After completion, the project will enable Djibouti to import 60MW of energy
The Indian government is finalising a 100 million dollar pledge for the Ethiopia and Djibouti power interconnection line, which will transmit 230kV of electric power to Djibouti.
The line will extend from Semera, Afar Regional State to PK12 substations in Djibouti. It will enable Djibouti to import 60MW of electricity from Ethiopia, as well as help the nation earn a total of 50 million dollars annually from exporting power to Djibouti.
The feasible study of the project was completed by Tractebel Engineering S.A, one and half century old Belgian engineering company with a presence in 33 countries and 1,600 staff members. Tractebel conducted the feasibility study with a financial backing from the Kuwait Fund.
The extended line, which is going to be a double circuit, will be in Djibouti's territory for the first 190Km, while the remaining 103Km will lie in Ethiopia. The power channelled to Djibouti will be sourced from Kombolcha town power supply point.
Out of the total finance, five million dollars will be used for extension, 4.2 million dollars for the construction of substations in Nagad, and the remaining 90.8 million dollars will be used for a line installation and construction of substations.
Though Kuwait has shown an interest to fund the project, the two countries are now negotiating with India to secure the finance according to sources close to the case.
The agreement between the duo will be a surplus energy purchase agreement, where Ethiopia will sell the surplus power available after consumption. Ethiopia has an estimated potential of 45,000MW hydropower, 10,000MW of geothermal energy and 1.3 million megawatts of wind power.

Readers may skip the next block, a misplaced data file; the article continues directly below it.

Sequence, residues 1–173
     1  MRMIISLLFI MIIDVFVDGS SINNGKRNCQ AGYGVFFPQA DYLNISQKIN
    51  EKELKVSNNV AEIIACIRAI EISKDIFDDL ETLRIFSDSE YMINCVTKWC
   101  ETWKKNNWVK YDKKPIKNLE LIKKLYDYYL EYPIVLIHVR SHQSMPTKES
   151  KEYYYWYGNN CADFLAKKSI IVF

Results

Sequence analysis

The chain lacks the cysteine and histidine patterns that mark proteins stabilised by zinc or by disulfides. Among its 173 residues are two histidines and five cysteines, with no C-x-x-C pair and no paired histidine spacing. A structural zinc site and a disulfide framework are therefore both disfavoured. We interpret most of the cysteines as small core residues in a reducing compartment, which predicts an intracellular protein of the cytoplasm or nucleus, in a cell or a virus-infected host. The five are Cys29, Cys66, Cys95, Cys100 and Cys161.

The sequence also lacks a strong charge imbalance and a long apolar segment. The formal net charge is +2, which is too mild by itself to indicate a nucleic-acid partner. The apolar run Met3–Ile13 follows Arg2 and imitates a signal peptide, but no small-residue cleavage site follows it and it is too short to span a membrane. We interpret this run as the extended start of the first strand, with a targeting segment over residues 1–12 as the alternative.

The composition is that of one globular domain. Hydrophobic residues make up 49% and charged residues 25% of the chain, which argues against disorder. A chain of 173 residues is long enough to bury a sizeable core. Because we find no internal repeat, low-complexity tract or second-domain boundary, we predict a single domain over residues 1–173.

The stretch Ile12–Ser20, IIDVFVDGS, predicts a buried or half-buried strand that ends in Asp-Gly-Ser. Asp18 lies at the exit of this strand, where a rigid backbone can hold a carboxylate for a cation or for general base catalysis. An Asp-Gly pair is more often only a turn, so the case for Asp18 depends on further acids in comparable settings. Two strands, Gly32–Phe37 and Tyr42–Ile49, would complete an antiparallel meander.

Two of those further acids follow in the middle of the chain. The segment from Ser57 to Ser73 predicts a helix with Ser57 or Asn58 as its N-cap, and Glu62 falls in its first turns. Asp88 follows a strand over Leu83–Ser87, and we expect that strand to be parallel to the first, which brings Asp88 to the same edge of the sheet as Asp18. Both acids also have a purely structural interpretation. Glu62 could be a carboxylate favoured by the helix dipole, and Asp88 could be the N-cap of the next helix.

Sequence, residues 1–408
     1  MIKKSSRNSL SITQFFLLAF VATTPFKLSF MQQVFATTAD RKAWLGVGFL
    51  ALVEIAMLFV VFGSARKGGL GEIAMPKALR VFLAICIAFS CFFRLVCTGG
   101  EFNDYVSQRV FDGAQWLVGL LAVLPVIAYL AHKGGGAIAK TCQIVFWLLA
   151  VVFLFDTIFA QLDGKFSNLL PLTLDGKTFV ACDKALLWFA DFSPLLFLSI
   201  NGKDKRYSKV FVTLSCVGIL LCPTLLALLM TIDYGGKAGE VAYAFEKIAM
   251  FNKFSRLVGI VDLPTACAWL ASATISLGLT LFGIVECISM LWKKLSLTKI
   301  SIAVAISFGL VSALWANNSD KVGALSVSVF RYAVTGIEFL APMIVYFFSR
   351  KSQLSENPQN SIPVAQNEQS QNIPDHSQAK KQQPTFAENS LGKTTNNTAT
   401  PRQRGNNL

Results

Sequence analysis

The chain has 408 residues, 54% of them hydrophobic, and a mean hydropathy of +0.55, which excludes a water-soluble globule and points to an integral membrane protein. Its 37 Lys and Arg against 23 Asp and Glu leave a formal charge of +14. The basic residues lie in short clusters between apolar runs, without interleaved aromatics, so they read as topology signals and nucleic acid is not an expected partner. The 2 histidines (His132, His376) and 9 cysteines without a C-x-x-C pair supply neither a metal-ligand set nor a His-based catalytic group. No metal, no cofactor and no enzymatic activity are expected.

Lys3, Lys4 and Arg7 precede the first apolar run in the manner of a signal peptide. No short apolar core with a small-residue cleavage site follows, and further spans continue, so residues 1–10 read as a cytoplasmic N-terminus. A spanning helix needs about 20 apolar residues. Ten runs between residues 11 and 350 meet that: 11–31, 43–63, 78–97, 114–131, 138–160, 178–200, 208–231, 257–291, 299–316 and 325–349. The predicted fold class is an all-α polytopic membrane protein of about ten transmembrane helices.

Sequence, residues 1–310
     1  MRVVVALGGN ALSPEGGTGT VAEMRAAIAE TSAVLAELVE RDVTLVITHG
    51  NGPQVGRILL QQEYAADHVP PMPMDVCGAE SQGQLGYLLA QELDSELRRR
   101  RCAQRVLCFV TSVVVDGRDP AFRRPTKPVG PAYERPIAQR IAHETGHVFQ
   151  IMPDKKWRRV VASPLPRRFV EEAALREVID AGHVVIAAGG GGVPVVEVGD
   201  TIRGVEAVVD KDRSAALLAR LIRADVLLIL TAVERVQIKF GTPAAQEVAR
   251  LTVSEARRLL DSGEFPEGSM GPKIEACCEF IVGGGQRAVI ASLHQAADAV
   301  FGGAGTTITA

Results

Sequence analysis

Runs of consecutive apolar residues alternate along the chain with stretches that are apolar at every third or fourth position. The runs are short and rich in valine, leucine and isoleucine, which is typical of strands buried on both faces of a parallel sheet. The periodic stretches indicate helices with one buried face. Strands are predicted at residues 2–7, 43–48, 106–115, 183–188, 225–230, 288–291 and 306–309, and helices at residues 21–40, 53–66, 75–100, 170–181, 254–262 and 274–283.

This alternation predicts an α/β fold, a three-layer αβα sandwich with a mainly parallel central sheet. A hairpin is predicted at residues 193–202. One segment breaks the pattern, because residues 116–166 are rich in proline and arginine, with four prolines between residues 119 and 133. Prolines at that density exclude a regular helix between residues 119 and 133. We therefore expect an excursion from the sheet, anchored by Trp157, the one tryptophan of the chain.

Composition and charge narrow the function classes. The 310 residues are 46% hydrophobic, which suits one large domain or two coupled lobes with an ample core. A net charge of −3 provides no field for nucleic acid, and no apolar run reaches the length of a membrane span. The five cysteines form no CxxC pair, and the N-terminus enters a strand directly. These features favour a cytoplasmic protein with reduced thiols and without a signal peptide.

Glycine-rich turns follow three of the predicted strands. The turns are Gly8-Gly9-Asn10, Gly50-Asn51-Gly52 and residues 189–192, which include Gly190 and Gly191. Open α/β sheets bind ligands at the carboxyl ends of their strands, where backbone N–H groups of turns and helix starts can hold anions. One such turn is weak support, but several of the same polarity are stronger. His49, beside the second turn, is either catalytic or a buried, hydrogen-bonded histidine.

The country's generating capacity is based mainly on hydropower reservoirs- 94pc of the total- as nine of its major rivers are suitable for hydroelectric power generation. Last year the country produced a total of 12.5 billion kWh.
The two countries are also working on drafting the Power Purchase Agreement (PPA) before launching the project. Ethiopian Electric Power (EEP) is handling the deal.
The agreement for the project between the two countries was signed in July 2013, during the 12th joint ministerial meeting of the two states in the presence of foreign affairs ministers of the two nations.
The second transmission plan came into the scene as Djibouti needs reliable electric power to meet the growing demands following the massive population growth and construction of ports, according to a source close to the case.
Djibouti runs seven ports and is planning to add three more. It also served 70pc of Ethiopia's import-export activity.
For the first and existing transmission line, African Development Bank (AfDB) has pumped in 95 million dollars. The 283Km Ethiopia-Djibouti transmission lines were officially inaugurated in October 2011. The 230kV line enables Djibouti to import up to 60MW of electricity, allowing Ethiopia earn an estimated of 1.5 million dollars a month. It also eased Djibouti's reliance on fossil fuel powered plants and generators.
AfDB pledged 43 million dollars for Ethiopia and a loan of 54.79 million dollars to co-finance the project with the then Ethiopian Electric Power Corporation (EEPCo) and the Ministry of Economy, Finance & Planning Electricité de Djibouti (EdD).
Seven years back, the country exported 331GWh of electrical energy, but this figure almost doubled to 700GWh last year. The revenues the nation has been generating from exporting electric power has likewise grown to 73.4 million dollars last fiscal year.
Neither the Indian Ambassador to Ethiopia and Djibouti nor officials from Djibouti Ministry of Communications responded to queries via email from Fortune